A week after Nestle USA-owned PowerBar announced its move from Berkeley to Glendale, Calif., rival company ClifBar confirmed on Wednesday that it will be moving its Berkeley headquarters to Alameda, when the company’s current lease expires in July 2008.
David Jericoff, executive vice president of human resources for Clif Bar & Co., said that the move is the result of the company outgrowing its existing facility, occupied since 1994, and not because Berkeley zoning laws made it difficult for them to construct a day-care center at its current West Berkeley location, as reported elsewhere.
“The day-care center was a project I worked on almost two years ago. Unlike what has been reported in the media, it not being built did nothing to trigger our move. In fact our current Berkeley location featured in the top two of the 14 sites that responded to our RFP. As our business has expanded, we could not find a space large enough to suit our current and future needs. The City of Alameda provided a unique waterfront site with an opportunity to employ green building and energy practices. The abandoned warehouse gives us ample opportunity to build it out as an environmentally-focused building. We also have the choice of purchasing it if we want to. All this made the entire package very attractive.”
The proposed site is a waterfront location at the Navy’s former Fleet Industrial Supply Center across the estuary from Jack London Square which is part of the 777-acre Alameda Landing Project. A letter of intent has been signed and the Alameda City Council is scheduled to vote on the development at its Sept. 5 meeting.
Founded in 1990 by bakery owner and avid rock climber Gary Erickson, this privately owned, California-based company, known for its all-natural and organic energy snacks for athletes (such as Clif Bar, Clif Shot and Luna), began its “ecological expedition” in 2000. The company went on to create quite a buzz in the community with athletic and environmental events such as Cincinnati’s Flying Pig Marathon and the Green Festival in San Francisco.
“What makes us different from other profit-driven companies is that we work towards a balanced community, brand and business. Our commitment to the environment is one of our fundamental principals. We are careful to use mostly organic products so as to not leave any footprints on the earth,” said Jericoff.
Jericoff added that Berkeley had been like a home to Clif Bar’s 150 employees who had been very tied into the Fourth Street shopping district. “We have very much enjoyed and valued being a part of the vibrant Berkeley community. The city and Mayor Tom Bates were very responsive to our RFP and we would have been happy to stay back. However, business turnovers can change a lot of things as happened in our case. It’s just natural evolution.”
Councilmember Linda Maio, in whose district the West Berkeley business falls, expressed her disappointment at the news.
“It will definitely mean a loss for the city. They are a Berkeley company, they grew up in Berkeley and are wonderful community-minded people. It’s always difficult to see this kind of a great business, a green business, go.”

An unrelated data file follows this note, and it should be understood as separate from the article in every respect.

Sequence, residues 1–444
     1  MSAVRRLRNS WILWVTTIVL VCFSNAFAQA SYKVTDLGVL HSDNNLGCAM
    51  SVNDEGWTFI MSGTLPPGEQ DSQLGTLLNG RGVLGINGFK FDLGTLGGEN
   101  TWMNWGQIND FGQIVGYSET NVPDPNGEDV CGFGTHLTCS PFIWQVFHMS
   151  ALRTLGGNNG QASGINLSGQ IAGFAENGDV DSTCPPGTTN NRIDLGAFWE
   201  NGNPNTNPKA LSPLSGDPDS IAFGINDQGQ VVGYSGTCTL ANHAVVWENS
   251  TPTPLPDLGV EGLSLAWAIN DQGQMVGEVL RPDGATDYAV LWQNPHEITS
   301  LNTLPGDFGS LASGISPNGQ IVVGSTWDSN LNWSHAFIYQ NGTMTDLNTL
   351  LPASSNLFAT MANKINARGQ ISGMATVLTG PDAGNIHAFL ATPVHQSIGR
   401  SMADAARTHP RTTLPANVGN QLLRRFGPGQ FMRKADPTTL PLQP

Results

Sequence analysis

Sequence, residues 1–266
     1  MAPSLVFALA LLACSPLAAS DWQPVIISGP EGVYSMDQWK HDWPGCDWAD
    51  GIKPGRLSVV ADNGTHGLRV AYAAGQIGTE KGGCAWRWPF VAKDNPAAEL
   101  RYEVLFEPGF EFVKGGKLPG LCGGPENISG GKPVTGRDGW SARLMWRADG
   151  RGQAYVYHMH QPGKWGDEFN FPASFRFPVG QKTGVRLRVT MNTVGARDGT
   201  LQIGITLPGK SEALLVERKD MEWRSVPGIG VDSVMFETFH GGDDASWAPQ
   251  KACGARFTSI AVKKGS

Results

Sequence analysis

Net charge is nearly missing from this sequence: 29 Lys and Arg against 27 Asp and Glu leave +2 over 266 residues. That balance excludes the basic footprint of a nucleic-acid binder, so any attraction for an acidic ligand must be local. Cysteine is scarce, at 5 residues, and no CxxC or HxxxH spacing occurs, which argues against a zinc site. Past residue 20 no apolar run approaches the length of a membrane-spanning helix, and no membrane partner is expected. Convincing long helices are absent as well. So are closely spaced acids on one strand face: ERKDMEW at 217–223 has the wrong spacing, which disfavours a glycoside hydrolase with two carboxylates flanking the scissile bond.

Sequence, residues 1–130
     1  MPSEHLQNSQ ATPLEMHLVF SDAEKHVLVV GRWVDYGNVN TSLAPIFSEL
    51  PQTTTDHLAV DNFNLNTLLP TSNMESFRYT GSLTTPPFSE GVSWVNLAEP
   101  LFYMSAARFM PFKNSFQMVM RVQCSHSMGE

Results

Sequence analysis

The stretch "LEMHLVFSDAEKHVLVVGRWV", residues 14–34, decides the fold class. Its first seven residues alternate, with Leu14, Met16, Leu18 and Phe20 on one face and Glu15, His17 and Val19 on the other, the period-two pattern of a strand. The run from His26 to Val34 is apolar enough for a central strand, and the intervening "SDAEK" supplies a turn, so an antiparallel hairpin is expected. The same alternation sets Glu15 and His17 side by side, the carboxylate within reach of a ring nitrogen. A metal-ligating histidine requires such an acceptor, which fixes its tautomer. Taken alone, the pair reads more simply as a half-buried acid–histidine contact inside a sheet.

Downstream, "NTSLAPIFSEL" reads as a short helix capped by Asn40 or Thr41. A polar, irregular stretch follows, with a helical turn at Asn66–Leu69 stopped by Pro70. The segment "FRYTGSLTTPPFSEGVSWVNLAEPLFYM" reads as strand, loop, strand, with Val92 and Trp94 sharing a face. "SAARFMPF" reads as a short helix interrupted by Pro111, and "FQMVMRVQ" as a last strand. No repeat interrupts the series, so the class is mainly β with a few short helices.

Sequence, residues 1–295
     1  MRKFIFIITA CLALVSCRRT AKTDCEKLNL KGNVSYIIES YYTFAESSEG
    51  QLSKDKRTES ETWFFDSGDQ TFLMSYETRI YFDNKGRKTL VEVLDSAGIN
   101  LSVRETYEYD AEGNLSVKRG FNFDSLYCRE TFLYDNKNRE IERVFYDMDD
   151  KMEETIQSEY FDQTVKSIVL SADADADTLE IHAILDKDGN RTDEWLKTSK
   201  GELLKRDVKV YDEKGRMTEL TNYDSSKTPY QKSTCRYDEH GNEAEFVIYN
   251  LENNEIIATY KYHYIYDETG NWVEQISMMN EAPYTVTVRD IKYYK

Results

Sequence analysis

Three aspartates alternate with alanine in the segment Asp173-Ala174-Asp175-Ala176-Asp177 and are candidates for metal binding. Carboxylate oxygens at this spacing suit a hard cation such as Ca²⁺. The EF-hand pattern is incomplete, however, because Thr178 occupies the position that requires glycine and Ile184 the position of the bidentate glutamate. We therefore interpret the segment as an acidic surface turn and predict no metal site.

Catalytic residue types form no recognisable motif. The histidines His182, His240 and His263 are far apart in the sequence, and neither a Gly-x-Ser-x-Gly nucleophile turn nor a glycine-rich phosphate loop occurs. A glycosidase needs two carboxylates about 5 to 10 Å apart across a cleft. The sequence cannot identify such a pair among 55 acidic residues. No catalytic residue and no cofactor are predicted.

Maio recalled how she had worked with Mayor Tom Bates to adjust the city’s zoning laws so that the day-care center could be built at the company’s west Berkeley location. “We would have done anything to keep them here. They are the perfect kind of business for Berkeley. But around the time we were working on the zoning laws they found this perfectly lovely spot by the water in Alameda which was just too attractive to give up. Berkeley is a very built-up city and we don’t have a whole lot of space for expansion. I am really sorry to see them go but understand why they are doing it,” she said.
Councilmember Kriss Worthington echoed her thoughts. “Berkeley unfortunately has lost a lot of these businesses over the years. It is troubling that we have so many businesses leaving all over the city. There are vacancies not only on Telegraph Av. but in other areas as well. We need to look at what can do to help businesses succeed. The city’s Department of Economic Development is currently understaffed and they are having a hard time trying to retain businesses.”
Dave Fogarty, the city’s community development project coordinator, told the Planet that the main issue with expansion was that the Clif Bar headquarters was located at a site which was zoned for manufacturing, not offices. “We would have changed our zoning laws for an existing business in an existing building such as ClifBar to expand. But in the end Alameda with its promises of renewable access energy, ample parking, and a building large enough for an extensive solar-panel system was the ultimate choice.”
Fogarty added that this kind of a move for a growing company was inevitable in a regional economy, and although Clif Bar was an environmental business that Berkeley would have liked to retain, their move would not prove disastrous for the city.
Cisco de Vries, chief of staff to Mayor Tom Bates, told the Planet that although the city would have wanted the office to stay, land in Berkeley was relatively scarce and expensive. “It’s a great company and we made every possible effort to keep them here but I guess Alameda won in the end.”